Date of Award


Document Type


Degree Name

Doctor of Philosophy (PhD)

Legacy Department

Parks, Recreation, and Tourism Management

Committee Chair/Advisor

Powell, Robert B

Committee Member

Baldwin , Elizabeth

Committee Member

Baldwin , Robert

Committee Member

Hallo , Jeffrey

Committee Member

Stern , Marc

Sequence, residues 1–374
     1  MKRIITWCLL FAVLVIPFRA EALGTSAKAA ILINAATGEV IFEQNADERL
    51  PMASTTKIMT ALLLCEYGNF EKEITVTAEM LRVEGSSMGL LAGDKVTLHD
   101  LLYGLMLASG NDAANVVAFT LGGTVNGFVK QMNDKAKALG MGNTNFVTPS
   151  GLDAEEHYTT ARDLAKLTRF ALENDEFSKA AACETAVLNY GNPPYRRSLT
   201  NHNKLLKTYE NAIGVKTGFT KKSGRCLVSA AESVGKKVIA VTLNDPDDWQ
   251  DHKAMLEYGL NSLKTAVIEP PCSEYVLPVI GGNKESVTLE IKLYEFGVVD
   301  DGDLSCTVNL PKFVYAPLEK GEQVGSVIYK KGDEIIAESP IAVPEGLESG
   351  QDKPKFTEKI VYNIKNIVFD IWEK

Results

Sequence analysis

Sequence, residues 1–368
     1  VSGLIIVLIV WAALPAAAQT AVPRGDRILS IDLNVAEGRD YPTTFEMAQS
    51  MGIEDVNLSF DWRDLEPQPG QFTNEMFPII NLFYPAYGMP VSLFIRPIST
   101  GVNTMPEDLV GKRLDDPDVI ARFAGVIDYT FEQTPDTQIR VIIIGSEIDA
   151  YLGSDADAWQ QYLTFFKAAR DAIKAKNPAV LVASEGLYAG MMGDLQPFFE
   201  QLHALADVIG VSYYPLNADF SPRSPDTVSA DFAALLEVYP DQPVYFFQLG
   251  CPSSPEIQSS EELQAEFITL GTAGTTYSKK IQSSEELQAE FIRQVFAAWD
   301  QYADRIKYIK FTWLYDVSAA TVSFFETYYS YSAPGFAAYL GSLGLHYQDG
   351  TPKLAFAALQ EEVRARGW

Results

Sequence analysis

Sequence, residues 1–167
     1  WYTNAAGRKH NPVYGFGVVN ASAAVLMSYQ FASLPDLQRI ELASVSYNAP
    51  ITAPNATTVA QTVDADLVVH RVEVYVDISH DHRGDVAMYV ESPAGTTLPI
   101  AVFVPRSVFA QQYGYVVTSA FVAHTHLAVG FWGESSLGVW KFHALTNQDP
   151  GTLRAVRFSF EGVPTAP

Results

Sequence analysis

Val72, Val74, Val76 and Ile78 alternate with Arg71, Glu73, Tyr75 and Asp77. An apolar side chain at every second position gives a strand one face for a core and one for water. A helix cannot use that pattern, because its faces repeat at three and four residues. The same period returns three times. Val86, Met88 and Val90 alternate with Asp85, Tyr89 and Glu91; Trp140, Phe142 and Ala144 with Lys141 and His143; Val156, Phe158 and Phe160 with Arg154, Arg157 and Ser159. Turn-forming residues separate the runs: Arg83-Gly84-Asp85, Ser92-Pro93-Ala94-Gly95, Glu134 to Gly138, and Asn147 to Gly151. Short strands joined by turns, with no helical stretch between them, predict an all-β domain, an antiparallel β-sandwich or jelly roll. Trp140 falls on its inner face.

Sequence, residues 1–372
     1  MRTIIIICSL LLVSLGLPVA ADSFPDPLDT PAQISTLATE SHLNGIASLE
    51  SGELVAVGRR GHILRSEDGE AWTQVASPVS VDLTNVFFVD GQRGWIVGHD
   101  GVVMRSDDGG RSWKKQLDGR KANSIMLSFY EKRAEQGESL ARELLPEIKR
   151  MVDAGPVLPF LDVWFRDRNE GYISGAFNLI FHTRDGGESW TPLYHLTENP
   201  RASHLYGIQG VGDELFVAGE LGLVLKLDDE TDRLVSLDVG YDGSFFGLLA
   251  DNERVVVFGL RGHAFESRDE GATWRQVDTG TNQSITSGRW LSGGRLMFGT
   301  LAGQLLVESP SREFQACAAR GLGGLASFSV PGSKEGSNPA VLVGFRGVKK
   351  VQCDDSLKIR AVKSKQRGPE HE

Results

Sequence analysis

Currently our natural environment is threatened by climate change, habitat fragmentation, and other transboundary issues. To address these problems, it is thought that conservation organizations and land management agencies should attempt to manage at larger geographic scales and across political boundaries. The Crown Managers Partnership (CMP) and the Southern Appalachian Man and the Biosphere Cooperative (SAMAB) are two such organizations that work at an ecoregional scale to support collaboration among agencies, aboriginal groups, conservationists, scientists, and other stakeholders for the conservation and restoration of the Northern Rocky Mountain and the Southern Appalachian regions in North America. Over the past decades, SAMAB and CMP have contributed to their long-term goal of connectivity throughout the landscape and have created inspiring visions for ecoregional conservation planning and management by sharing and communicating sound scientific information and strategizing and implementing conservation action among diverse partners from the local to international scale. Although landscapes are considered the suitable scale for conservation endeavors, developing a successful collaborative landscape-scale organization that can accomplish meaningful and sustained activities appears difficult. An in-depth analysis of SAMAB and CMP can help other landscape-scale organizations begin to understand the influence of both internal and external processes and factors that can impede or produce challenges to these types of organizations during different stages over the life of an organization. The presentation will present the case study findings from nearly sixty interviews, secondary documents, and observations and specifically provide guidance regarding how SAMAB and CMP are evolving over time and provide strategies for maintaining the vitality of the organization and the roles they can play in future transboundary management of their respective regions. In addition, the in-depth analysis can provide broader lessons for other emerging landscape organizations or mature organizations that are attempting to maintain relevance and thrive.



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